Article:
minority motorists and stops and frisks, influenced the national debate on
profiling and related topics. His work led to federal efforts to address the
practice and to legislation and voluntary efforts in over half the states and
hundreds of police departments. Professor Harris has testified three times in
the U.S. Senate and before many state legislative bodies on profiling and
related issues. His 2005 book, Good Cops: The Case for Preventive Policing,
uses case studies from around the country to show that citizens need not trade
liberty for safety; they can be safe from criminals and terrorists without
sacrificing their civil rights if law enforcement uses strategies based on
Professor Harris is a
graduate of Northwestern University, a J.D. from Yale Law School, and an LL.M
from Georgetown University Graduate School of Law.
Harris writes and comments
frequently in the media on police practices, racial profiling, and other
criminal justice and national security issues. He has appeared on The Today
Show, Dateline NBC, National Public Radio, and has been interviewed by the New
York Times, the Wall Street Journal, and the Los Angeles Times, among many
others. In 1996, Professor Harris served as a member of the Civil Liberties
Advisory Board to the White House Commission on Aviation Safety and Security.
Before he began teaching in 1990, Professor Harris was a public defender in the
Washington, D.C. area, a litigator at a law firm in Philadelphia, and law clerk
to Federal Judge Walter K. Stapleton in Wilmington, Delaware.
UD Legal Studies Program, Department of Sociology and Criminal Justice, Black
American Studies, Department of Political Science and International Relations,
Department of History, and Urban Affairs and Public Policy.
Legal Studies Program
faculty research seminar
History of Consciousness Program
University of California Santa Cruz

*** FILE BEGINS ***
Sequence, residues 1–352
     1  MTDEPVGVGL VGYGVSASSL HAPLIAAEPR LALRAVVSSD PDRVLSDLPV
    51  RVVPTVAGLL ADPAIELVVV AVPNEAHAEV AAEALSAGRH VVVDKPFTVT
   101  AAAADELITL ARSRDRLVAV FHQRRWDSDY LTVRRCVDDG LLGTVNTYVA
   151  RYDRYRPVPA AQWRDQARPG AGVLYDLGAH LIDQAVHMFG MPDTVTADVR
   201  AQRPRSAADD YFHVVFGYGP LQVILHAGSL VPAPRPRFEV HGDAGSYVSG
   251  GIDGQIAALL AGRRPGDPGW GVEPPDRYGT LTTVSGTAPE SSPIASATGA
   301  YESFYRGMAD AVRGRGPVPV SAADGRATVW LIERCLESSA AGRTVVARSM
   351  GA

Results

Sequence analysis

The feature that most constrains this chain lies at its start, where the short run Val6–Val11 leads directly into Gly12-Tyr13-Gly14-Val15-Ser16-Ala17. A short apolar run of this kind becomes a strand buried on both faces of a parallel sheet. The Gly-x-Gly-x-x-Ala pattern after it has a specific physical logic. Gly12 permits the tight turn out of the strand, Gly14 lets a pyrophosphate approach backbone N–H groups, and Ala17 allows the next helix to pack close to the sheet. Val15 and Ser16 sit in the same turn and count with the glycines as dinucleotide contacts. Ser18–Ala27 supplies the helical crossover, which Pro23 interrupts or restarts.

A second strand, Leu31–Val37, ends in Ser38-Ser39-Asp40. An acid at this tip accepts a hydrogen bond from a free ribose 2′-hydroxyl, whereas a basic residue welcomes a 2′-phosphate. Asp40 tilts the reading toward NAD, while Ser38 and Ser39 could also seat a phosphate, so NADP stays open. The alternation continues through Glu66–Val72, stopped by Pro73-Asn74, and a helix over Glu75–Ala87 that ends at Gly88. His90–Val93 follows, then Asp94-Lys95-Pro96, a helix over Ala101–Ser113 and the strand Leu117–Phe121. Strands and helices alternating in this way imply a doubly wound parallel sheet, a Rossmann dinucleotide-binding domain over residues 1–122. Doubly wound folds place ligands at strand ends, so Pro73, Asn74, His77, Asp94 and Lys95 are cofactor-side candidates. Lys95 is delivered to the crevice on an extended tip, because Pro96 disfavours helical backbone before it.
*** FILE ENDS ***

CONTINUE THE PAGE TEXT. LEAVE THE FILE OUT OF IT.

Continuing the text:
“Minding Minds: Species, Sanity, and Law”
Wednesday October 15
12:15 to 1:30 p.m.
Alfred Lerner Hall 231
Kris Weller is a Ph.D. candidate in the History of Consciousness Program at the
University of California Santa Cruz. In her talk, she will address the figure
of the human in the American legal tradition. Beginning with an analysis of a
1979 New York high court case that consolidated and dismissed two cases on
appeal — one concerning the neglect of animals in New York City zoos and the
other the neglect of humans recently discharged from New York state mental
hospitals — Weller will examine the interplay between captivity and
categorization. She argues suggest that not only is captivity dehumanizing, but
that the act of capturing is humanizing, such that we protect in law an
unwritten right to capture that inheres in the fully human legal subject. One
consequence of this defining right to capture is the necessity of maintaining a
capturable class, a grouping based on the idea of the animal but which always
has included a variable range of categorized humans as well. She argues that the
maintenance of the socio-legal distinction between humans and other animals
guarantees the failure of human rights campaigns to imagine and articulate, much
less achieve, social equality among humans.